We’ve noted the fact that New York City construction unions’ black members make 20 percent less than white members. We’ve pondered why that might be, and a federal lawsuit that received a pre-trial hearing last week gives us considerable insight into how the locals represented by the Building and Construction Trades Council of Greater New York may have shortchanged the pay of their minority members.
In 2012, Averil C. Morrison, an African-American woman, sued International Union of Operating Engineers Local 14-B—a BCTC member union—for racial discrimination. (Four other union members, one black woman, two black men, and one Hispanic woman, have subsequently joined as co-plaintiffs.) According to court findings, Local 14-B’s membership is 91 percent white (only about 100 of its roughly 1200 members are non-white).
The union allegedly allows its predominately white membership to refer new prospective members (who are predominately white) as full journeymen, while requiring prospective members without connections (who are more non-white) to do lower-paid apprenticeships. The plaintiff union members allege that the largely white referred new members get to skip apprenticeship even if they do not have “any qualifications other than being sponsored by an existing White [sic] member.”
A brief review of Local 14-B’s wage scale shows just how big a favor skipping apprenticeship can be. According to the 2015-16 apprentice wage scale, first-year apprentices are paid $29.25 per hour (40% of the Pile Driver rate). By the end of a three-year apprenticeship, the wage rises to 60% of the Pile Driver rate ($43.87/hour). Meanwhile, a full-member journeyman Pile Driver is making $73.12 per hour.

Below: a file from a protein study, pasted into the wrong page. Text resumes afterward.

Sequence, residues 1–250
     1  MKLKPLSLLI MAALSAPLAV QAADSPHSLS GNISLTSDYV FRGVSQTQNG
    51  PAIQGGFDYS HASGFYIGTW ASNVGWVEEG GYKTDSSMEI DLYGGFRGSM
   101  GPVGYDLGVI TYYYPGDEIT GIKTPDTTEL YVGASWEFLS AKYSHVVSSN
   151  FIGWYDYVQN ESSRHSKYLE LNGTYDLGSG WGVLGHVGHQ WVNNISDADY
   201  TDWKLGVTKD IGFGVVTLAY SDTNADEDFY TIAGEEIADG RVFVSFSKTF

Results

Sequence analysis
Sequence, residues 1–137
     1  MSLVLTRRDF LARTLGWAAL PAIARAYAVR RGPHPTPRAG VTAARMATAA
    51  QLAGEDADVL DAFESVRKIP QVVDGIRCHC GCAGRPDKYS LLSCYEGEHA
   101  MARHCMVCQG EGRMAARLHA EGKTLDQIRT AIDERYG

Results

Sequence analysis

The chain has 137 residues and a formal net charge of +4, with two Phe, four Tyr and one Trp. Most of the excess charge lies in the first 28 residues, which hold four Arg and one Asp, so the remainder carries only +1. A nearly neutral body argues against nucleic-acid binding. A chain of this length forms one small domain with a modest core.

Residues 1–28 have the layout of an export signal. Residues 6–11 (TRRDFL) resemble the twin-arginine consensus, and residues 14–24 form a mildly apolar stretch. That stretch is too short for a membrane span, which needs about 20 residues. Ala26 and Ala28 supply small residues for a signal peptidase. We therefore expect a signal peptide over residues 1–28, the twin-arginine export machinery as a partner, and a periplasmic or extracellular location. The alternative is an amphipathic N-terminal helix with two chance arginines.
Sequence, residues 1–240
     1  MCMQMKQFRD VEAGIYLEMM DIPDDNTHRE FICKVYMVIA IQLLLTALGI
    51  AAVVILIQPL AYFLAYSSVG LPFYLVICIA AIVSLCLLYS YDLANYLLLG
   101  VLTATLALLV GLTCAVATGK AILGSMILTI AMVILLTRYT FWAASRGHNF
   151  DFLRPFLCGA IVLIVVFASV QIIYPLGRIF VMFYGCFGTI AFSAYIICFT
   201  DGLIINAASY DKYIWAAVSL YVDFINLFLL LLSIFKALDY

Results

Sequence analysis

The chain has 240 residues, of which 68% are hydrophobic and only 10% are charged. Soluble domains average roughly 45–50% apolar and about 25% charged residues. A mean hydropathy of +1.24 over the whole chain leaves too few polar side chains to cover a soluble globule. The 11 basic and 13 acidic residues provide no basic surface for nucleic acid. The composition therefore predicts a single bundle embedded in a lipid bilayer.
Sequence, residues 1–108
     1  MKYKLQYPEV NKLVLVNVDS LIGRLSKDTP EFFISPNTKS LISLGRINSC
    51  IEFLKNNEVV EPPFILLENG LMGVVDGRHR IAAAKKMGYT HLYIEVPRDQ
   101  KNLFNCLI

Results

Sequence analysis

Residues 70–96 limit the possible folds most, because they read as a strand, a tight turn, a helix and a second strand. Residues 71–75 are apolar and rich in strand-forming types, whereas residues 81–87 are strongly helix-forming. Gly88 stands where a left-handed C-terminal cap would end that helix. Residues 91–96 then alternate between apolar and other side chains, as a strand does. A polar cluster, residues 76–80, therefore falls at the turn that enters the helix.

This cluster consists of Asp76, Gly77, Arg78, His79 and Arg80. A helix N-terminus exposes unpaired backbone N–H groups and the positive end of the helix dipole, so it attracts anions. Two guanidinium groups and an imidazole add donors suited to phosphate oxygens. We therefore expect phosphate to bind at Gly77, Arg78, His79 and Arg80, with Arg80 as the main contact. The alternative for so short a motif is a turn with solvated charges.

There are further allegations of the union rigging job placements in favor of white members. Using its control of the hiring hall system of job referrals, Local 14-B allegedly manipulates the hiring hall so that white members get jobs that last longer (which assures white members of higher earnings and less time unemployed). Even more egregious, Local 14-B’s absolute discretion for assigning “master mechanics” (essentially shop stewards) ensures a racial wage gap, as master mechanics who are appointed are allegedly “almost never” non-white. Master mechanics allegedly “can work virtually as much double time as he desires” and “easily earn several hundred thousand dollars a year.”
If the allegations are valid, it’s everything that we expected–a sordid situation where unions are keeping black workers in worse jobs than whites and using their control of internal union politics to deny plum job referrals to black workers. It’s time for construction unions in the Building and Construction Trades Council to stop hiding behind the diversity of lower-paid apprentice positions, and show the public the diversity stats for higher-paid positions that really matter.